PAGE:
Demonization becomes a winning Darwinian strategy

Wednesday, August 5th, 2020

We learn by paying attention to what others attend to, which is why, Arnold Kling speculates, in-class learning works better than watching a lecture on line:

When I am in a classroom, others are paying attention to the speaker. This makes my attention to the speaker instinctive. I don’t have to use so much willpower to pay attention. But when it’s just me sitting in front of a computer, I have to will myself to pay attention. It uses up more effort and takes more out of me.

That’s not his main point though:

In the twentieth century, watching television or listening to the radio were often social activities. TV and radio could command our attention the way the speaker in a classroom would, through people paying attention to what others were attending to.

But we use 21st-century media in isolation. That means that the media need other means to command our attention. They cannot rely on our use of social cues. Instead, they have to rely on dopamine hits. Porn. Games. And demonization.

We get a dopamine hit by seeing the demonization of people with whom we disagree. So demonization becomes a winning Darwinian strategy in the age of contemporary media.

The whole point of writing The Three Languages of Politics was to describe demonization rhetoric under the assumption that people would not want to demonize. I thought that if you recognize the rhetoric, you would back away from it.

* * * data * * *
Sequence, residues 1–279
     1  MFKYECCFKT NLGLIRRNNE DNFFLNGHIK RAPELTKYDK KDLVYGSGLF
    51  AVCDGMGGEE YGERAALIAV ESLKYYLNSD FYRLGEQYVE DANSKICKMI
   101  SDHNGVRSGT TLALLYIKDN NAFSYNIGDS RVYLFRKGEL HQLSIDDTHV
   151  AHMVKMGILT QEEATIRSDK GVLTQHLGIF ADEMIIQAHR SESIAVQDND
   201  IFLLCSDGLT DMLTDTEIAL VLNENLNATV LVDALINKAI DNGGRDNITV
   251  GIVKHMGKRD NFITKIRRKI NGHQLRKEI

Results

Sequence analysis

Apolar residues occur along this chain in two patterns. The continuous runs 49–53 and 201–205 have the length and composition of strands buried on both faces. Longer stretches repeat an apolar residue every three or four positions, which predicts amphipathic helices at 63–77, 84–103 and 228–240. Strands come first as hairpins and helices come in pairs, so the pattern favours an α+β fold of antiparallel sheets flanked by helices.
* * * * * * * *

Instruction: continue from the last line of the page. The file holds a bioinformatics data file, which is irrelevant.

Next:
Instead, the religion that persecutes heretics justifies demonization. To criticize demonization is to be a heretic. In a world where people consume media in isolation, an ideology that justifies demonization has an advantage.


  1. Harry Jones says:

    People demonize for a reason. Who woulda thunk it?

    Love leads to fear, and fear leads to hate. This is the oxytocin path. This is what drives all tribal politics.

    (War is lovehate by other means.)

  2. Dave says:

    Demonization has always been a winning Darwinian strategy. Tribes have been killing off other tribes and taking their women and hunting grounds since forever. Much easier to do that when your language depicts people of other tribes as animals, vermin, demons, etc.

  3. Sam J. says:

    “…When I am in a classroom, others are paying attention to the speaker. This makes my attention to the speaker instinctive. …”

    Interesting story I read. I think it was in the book “Influence” but I could be wrong. A bunch of university students decided to try an experiment on their professor. When lecturing if he moved to the right of the class everyone would look down, read papers, not pay attention but if he went to the left of the classroom everyone would pay rapt attention and watch everything he did. By the end of the lecture the professor was wedged up against the left side of the classroom.

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